The worst book you have ever read.

The worst book you have ever read.

Author
Discussion

MikeStroud

3,259 posts

63 months

Thursday 1st April
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Clockwork Orange

I bought a brand new copy as I want to work through the classics that you hear a lot about but have never read.

Then I read the premise of the story, something along the lines that it is better for a man to live the life he wants even if that means he does all the evil criminal acts that come into his head than be coerced by the authorities to lead a good law abiding life. The whole premise that the author seemed to be arguing for grated on me so I just gave the book to charity without turning a page.

Whilst I'm here:

War & Peace - Got to page 100 and decided life is too short.

Crime & Punishment - Read to the end but felt it never got going as it covered the crime bit in extreme detail but the punishment bit wasn't covered at all (I had assumed the punishment bit was to be his life in prison etc but in fact it was all the emotional turmoil before he got arrested so I got to the end of the book feeling half was missing).

Derek Smith

40,246 posts

217 months

Friday 2nd April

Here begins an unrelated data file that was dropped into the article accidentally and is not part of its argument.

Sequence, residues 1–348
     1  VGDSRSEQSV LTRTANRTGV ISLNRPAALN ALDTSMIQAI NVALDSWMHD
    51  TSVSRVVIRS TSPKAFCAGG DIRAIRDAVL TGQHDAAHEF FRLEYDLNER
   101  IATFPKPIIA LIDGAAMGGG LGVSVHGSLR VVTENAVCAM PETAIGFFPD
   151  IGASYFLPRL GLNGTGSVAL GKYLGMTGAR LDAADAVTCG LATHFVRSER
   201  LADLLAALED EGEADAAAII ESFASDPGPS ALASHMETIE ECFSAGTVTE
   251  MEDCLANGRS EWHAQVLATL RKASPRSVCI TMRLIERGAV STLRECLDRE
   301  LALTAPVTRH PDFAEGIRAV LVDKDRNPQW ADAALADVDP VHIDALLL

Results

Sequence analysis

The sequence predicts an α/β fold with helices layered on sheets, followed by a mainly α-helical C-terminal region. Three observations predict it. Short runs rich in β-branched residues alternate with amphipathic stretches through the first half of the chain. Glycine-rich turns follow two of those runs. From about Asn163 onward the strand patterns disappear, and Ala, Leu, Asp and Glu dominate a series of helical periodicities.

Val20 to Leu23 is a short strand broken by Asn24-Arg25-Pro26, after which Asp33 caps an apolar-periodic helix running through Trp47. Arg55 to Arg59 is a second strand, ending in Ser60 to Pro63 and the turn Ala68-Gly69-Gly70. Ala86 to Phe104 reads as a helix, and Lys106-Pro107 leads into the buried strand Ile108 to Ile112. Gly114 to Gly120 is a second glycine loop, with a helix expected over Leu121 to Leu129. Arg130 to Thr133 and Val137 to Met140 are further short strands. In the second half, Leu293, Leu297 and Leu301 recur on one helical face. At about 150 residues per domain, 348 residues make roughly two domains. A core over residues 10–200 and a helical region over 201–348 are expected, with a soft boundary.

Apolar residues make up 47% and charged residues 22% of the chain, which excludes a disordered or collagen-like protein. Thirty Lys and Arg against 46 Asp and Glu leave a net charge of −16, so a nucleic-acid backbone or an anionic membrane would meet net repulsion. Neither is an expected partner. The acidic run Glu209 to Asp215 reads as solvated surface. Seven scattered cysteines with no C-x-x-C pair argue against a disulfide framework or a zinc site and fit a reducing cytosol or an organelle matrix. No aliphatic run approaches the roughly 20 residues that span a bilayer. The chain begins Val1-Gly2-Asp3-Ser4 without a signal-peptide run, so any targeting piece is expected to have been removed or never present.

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I said a couple of years ago that I'd read Nostromo. Didn't like it. I've reread three of his books as an adult and got really into them, but Nostromo lost me. I started it three times, thinking I’d missed something, but all I missed was doing something useful.

Zen and the Art of Motorcycle Maintenance has come in for a bit of pounding on here. I enjoyed it as a 40-year-old and then read it again when I was suffering from clinical depression. It became much clearer then, but that’s not to say helpful. Slaughterhouse 5 is the same. I sympathised with both authors, but I was more concerned with my own problems. I keep meaning to read Zen again now I’m out the other side, oddly enough, helped by writing a book.

Johnnytheboy

22,867 posts

155 months

Friday 2nd April
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MikeStroud said:
Clockwork Orange

I bought a brand new copy as I want to work through the classics that you hear a lot about but have never read.

Then I read the premise of the story, something along the lines that it is better for a man to live the life he wants even if that means he does all the evil criminal acts that come into his head than be coerced by the authorities to lead a good law abiding life. The whole premise that the author seemed to be arguing for grated on me so I just gave the book to charity without turning a page.
Shame, it's a great book (once you get the hang of the slang). And that's not quite the message, but close enough I guess smile

AW111

7,141 posts

102 months

Saturday 3rd April
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MikeStroud said:
Clockwork Orange

I bought a brand new copy as I want to work through the classics that you hear a lot about but have never read.